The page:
Darrell Huckaby - 05/10/09

Happy Mother's Day. It's hard to believe that we only set aside one day a year to honor the wonderful women who gave us life and sustained us throughout. Hopefully, of course, we do remember to show honor and appreciation to our mothers, but it's still nice for them to have a special day of their own - and if you are taking yours out for dinner, remember that Oprah KFC coupons aren't being honored today. You'll have to pay with your own dime.

I never cease to be amazed at what a wonderful mother my lovely wife Lisa has been to our kids, and I know for a fact that I don't tell her often enough that I appreciate all she does on their behalf, so maybe today we can find a way to show her, in some small way.

And as for your own mother? Well, you'd better hug your mama if you've still got her and she's close enough. Or go see her if you can. Or call her on the phone if you can't go see her. The time will come when she's not here and take it from me, you won't ever stop missing her.

My mother has been gone for more than a decade now. I still think of her often, of course, and it's funny what I remember about her and what I miss the most. Many of my most vivid memories are of my childhood. I remember, for instance, that one night a week was television night at our house. I am pretty sure it was the night that "I Love Lucy" came on. All the ladies in the neighborhood would bring their laundry and sit and fold clothes while Lucy and Ethyl and Fred and Ricky cut the fool for 30 minutes.

Not a word was spoken while "I Love Lucy" was on, but afterward the gossiping began and I was excused from the room. Sometimes on television night, the ladies would give one another Toni Home Permanents. The aroma would remain long after the last pink-rollered housewife had left the premises.

I remember my mama on her hands and knees, with her mouth full of straight pins, hemming a new dress for my sister. I always wondered why she couldn't sew clothes for me too, and one winter she gave in and made me a pair of flannel pajamas. They were the scratchiest garments I had ever attempted to wear and couldn't wait for spring so I could quit wearing them.

I remember how proud my mother was the day I graduated from college - the first child in our family to do so. I wasn't really interested in dressing up in a cap and gown and parading across the football field, even if it was the football field in Sanford Stadium; but when I told her I was going to have the school mail my diploma to me, I could see the hurt in her eyes and quickly changed my mind - and have always been glad that I did.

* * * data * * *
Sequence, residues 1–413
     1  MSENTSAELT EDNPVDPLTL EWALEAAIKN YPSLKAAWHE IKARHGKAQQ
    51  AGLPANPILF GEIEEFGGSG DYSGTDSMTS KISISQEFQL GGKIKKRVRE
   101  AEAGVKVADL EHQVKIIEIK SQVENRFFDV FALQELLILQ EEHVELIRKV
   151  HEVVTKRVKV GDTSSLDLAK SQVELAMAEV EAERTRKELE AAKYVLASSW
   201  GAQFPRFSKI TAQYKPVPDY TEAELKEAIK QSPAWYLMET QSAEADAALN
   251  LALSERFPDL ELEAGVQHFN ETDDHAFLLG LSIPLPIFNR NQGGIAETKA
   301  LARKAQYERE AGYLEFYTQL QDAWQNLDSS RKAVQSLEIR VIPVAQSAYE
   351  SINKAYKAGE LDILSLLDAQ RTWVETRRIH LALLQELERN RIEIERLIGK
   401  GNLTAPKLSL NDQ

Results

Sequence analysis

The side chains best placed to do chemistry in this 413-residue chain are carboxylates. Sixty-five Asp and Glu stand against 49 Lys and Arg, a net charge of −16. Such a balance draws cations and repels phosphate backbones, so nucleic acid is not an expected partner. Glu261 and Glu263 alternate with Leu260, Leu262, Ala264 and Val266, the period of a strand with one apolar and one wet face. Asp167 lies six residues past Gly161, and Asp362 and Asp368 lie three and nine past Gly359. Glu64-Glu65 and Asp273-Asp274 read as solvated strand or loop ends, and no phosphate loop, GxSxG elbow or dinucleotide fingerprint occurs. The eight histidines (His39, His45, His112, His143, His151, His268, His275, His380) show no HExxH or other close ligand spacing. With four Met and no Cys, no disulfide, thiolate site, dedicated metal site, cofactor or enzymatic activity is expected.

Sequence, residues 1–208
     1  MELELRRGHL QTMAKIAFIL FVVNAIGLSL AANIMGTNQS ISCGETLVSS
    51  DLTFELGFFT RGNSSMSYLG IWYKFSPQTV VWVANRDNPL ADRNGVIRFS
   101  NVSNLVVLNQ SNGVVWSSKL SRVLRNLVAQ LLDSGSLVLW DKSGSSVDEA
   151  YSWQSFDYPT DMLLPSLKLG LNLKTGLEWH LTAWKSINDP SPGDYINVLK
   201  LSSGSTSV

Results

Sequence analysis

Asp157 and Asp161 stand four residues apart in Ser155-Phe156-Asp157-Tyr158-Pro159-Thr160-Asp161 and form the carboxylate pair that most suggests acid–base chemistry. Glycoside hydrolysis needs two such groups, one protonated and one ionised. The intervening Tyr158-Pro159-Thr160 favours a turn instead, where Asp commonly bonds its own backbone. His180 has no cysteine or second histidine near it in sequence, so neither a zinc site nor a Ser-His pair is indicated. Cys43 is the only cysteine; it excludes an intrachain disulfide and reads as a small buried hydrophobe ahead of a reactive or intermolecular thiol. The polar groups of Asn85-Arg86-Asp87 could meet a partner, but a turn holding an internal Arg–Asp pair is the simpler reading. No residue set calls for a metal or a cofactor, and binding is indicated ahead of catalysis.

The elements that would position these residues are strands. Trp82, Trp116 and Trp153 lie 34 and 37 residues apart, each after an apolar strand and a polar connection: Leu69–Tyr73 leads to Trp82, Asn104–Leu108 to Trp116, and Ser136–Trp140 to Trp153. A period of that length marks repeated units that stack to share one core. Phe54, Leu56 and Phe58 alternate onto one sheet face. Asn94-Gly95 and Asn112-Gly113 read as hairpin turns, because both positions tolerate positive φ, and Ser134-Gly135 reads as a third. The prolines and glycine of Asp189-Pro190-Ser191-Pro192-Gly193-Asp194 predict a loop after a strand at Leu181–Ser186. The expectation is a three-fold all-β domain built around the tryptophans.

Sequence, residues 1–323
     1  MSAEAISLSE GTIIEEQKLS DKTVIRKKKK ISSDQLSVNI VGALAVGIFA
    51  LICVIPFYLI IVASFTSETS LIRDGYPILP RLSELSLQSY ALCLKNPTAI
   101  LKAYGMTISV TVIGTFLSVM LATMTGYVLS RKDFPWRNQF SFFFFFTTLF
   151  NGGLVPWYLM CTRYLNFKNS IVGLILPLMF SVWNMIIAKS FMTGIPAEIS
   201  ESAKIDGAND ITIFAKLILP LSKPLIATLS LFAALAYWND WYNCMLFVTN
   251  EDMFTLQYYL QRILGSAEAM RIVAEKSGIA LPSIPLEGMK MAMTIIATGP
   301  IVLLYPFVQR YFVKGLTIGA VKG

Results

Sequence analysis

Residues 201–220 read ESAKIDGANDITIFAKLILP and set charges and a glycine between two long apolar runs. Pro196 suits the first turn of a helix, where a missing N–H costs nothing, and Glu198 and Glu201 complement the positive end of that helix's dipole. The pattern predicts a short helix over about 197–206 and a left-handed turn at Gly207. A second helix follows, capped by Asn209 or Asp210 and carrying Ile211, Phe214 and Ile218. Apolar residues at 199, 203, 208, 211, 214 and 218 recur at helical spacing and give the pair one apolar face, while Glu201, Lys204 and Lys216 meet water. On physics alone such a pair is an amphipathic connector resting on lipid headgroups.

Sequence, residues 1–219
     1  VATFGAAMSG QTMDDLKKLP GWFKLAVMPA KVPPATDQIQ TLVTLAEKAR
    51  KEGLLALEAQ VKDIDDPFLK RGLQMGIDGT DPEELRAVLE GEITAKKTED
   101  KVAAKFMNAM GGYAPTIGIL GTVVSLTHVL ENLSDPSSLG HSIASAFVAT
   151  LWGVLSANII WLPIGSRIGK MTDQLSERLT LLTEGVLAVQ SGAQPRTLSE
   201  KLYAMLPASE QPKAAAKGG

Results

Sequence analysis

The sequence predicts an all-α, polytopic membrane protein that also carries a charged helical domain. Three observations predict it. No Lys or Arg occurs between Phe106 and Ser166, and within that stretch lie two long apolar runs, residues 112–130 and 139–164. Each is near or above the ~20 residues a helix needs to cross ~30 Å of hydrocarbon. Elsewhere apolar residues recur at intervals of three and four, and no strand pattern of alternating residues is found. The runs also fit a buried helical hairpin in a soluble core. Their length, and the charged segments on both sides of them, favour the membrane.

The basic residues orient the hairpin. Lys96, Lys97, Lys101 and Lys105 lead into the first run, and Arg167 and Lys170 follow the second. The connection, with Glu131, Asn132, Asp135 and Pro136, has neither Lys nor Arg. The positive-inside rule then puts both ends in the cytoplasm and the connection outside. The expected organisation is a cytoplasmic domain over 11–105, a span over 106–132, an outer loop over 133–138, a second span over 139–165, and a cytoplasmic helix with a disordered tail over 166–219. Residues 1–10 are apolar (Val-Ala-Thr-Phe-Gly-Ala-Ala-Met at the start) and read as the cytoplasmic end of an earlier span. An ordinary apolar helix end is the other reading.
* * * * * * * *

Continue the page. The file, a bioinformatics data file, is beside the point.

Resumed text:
I think of my mother every time I run across Bob Hope in a black and white "road picture" on late-night television and I think of her every time I hear a song by Bing Crosby or Perry Como, which I readily admit is not very often.

It took about five years after her death for me to quit expecting the phone to ring after a Georgia football victory. She was a big fan and couldn't wait to call and ask, "How 'bout them Dogs?" after a big game. And I haven't really enjoyed a piece of fried chicken since my birthday in 1999, which was the last time she cooked hers for me.

Tommie Huckaby was raised in Social Circle during the depths of the Great Depression. She was a weaver in the Osprey Mill in Porterdale for three decades and was eternally grateful for her job, her four-room house and her family. Her travels consisted of annual trips to the North Georgia mountains and Jacksonville Beach, Fla., a trip to the New York World's Fair with the Porterdale Women's Club and an improbable adventure to New Orleans to see the damage along the Mississippi Gulf Coast following Camille's visit in 1969.

But she worked and sacrificed all her life so that her children would have the opportunities that she didn't, and I never heard her complain about her lot in life - not one single time; not even as she sat at her kitchen table during her last months on earth, her body wracked with cancer, stubbornly sucking on one of the Winston cigarettes that would kill her.

You'd better hug your mama if you've still got her and she's close enough. Or go see her if you can. Or call her on the phone if you can't go see her. The time will come when she's not here and take it from me - you won't ever stop missing her.